Wirkungsnachweis aus der Literatur

Langfristig (> 5 Jahre)
Mikro (Individuum)
Psychisch & Physiologisch

improved social-emotional well-being when experiencing a high-quality mentoring relationship

psychosoziales Befinden

Report of a high-quality mentoring relationship (referred to also in the text that follows as “HQMR”) was a significant predictor of higher levels of self-reported grit (b = .187, p < .05, d = .29). There also was a marginally significant interaction with gender in prediction of this outcome (p < .06), with HQMR a significant predictor of greater grit among females, (b = .363, p < .01, d = .62). HQMR did not reach or approach statistical significance as a predictor of perceived stress (b = -.194, p = .11, d = .23) or depressive symptoms (b = -.198, p = .20, d = .18), HQMR was, however, a significant predictor of greater reported emotional well-being (b = .411, p < .01, d = .47), psychological well-being (b = .521, p< .01, d = .47), and social well-being (b = .421, p < .01, d = .48).

Beschreibung der Aktivität

Big Brothers Big Sisters of America community-based mentoring program
Big Brothers Big Sisters of America community-based mentoring program. […] A major part of the appeal of mentoring programs directed toward youth from under-resourced backgrounds for practitioners and policy-makers is their widely assumed potential to have enduring beneficial effects on participants’ longer-term developmental trajectories. These anticipated benefits include improved prospects for post-secondary education, employment, reduced likelihood of involvement in problem behavior and the justice system, and enhanced social-emotional functioning and health during adulthood.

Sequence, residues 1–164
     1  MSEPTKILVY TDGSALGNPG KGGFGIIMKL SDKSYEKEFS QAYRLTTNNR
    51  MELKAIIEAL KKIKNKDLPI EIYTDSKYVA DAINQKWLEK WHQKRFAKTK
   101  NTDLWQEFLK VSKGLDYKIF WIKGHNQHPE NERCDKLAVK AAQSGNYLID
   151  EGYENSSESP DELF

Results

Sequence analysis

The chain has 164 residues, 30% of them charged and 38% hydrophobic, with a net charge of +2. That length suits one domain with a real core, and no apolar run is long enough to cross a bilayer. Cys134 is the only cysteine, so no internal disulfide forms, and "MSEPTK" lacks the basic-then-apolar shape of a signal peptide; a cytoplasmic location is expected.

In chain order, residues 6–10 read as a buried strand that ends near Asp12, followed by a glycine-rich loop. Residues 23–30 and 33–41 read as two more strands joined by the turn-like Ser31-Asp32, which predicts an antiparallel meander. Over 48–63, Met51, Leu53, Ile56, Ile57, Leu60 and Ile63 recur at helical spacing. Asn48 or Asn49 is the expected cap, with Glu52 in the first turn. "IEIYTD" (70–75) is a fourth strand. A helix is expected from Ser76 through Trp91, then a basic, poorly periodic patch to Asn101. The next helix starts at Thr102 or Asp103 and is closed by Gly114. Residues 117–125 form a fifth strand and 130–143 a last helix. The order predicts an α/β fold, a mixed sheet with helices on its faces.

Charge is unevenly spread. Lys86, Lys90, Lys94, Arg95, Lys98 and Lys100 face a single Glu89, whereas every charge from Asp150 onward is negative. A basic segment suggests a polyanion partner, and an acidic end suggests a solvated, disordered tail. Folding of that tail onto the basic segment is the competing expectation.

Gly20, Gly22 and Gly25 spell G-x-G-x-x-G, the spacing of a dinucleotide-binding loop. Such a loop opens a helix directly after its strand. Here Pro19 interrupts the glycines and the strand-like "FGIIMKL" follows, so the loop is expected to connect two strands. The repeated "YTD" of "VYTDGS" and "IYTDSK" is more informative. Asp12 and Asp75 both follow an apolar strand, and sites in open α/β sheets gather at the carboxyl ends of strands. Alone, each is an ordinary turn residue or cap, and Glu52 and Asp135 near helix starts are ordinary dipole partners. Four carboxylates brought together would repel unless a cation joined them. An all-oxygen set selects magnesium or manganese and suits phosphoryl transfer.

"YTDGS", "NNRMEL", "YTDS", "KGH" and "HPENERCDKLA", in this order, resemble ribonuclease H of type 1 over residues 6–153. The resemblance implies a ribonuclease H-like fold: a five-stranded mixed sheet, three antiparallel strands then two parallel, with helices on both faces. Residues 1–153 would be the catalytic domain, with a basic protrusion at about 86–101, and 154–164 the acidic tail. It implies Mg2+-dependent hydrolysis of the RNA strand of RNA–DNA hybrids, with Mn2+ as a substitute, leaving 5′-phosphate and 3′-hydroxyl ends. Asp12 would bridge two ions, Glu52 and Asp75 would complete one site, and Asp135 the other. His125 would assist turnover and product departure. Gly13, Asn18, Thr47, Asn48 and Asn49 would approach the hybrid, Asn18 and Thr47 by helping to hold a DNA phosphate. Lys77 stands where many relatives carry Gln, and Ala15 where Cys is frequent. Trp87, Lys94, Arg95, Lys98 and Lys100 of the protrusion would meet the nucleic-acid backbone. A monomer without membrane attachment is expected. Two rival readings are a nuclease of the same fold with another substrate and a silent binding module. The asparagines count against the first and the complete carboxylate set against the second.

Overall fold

teilnehmende Kinder und Jugendliche

Evaluierung der Aktivität

The core sample of interest for the research consists of the 1,138 participants in the randomized controlled trial of the BBBS CBM program conducted by Public/Private Ventures in the early 1990s (Tierney et al., 1995). The complete dataset from the original study was made available to the researchers. The researchers then collected data on post-secondary education participation for all sample members from the National Student Clearinghouse and, for the more than 90% of the sample that could be located through public records searched via Lexis Nexis Accurint, records of arrests during adulthood. An effort was also made to contact as many of the original study participants as possible and engage them in completing a survey, the primary purposes of which were to gather information about adult outcomes (employment, problem behavior/justice system involvement, and various aspects of social-emotional well-being and health broadly defined), juvenile justice system involvement (e.g., arrests), and mentoring relationships (if any) through the BBBS program. Thus far, 296 participants from the original study sample have responded to the survey.
randomized controlled trial of the BBBS program: 1.138 participants own survey: 296 participants
randomized controlled trial of the BBBS program: 1990s own survey: for the purpose of the 2018-study